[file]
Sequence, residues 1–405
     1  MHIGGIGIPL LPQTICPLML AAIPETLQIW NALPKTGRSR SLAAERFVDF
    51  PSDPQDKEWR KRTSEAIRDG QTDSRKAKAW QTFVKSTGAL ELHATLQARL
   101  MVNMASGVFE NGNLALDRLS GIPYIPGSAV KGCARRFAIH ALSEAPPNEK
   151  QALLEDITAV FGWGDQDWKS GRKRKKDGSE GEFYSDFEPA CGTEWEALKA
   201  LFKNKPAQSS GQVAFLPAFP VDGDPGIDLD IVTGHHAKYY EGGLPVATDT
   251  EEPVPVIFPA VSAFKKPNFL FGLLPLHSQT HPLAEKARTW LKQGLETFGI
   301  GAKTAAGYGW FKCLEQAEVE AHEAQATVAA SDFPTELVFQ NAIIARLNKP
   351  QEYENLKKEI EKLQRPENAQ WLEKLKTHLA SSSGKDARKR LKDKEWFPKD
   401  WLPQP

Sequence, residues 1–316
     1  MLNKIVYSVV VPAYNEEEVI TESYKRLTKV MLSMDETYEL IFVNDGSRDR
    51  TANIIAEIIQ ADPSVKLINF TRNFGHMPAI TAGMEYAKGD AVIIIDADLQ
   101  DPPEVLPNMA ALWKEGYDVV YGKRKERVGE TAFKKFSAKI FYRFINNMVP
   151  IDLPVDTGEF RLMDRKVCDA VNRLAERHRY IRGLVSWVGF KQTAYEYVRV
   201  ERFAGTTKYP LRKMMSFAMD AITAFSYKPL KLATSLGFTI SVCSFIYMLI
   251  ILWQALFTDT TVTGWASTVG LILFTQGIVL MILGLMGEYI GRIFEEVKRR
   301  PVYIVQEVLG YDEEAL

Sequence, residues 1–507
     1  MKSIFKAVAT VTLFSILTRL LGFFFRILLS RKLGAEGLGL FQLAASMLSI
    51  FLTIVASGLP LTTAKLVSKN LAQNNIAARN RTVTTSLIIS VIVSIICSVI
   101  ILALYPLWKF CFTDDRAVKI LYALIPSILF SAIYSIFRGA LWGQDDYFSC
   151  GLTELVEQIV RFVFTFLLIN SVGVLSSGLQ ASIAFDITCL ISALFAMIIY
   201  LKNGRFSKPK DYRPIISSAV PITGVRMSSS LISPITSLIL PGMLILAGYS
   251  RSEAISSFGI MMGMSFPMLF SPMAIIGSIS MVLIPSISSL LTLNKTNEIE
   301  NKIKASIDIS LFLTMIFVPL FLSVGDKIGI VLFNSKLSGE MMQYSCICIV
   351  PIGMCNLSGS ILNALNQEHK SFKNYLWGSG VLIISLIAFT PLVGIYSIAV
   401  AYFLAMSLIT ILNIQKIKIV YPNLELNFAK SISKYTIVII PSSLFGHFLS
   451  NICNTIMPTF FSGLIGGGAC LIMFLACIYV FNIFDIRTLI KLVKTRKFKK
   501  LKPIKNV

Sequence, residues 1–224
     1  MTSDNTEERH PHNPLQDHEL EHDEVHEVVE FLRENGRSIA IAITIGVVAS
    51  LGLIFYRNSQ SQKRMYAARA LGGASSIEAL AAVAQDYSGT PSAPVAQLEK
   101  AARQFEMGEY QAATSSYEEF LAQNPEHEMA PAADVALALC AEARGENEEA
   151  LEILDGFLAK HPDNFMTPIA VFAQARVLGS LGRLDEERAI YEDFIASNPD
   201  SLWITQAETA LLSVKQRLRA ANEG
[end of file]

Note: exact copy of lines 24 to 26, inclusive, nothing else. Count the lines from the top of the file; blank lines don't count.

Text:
   201  LKNGRFSKPK DYRPIISSAV PITGVRMSSS LISPITSLIL PGMLILAGYS
   251  RSEAISSFGI MMGMSFPMLF SPMAIIGSIS MVLIPSISSL LTLNKTNEIE
   301  NKIKASIDIS LFLTMIFVPL FLSVGDKIGI VLFNSKLSGE MMQYSCICIV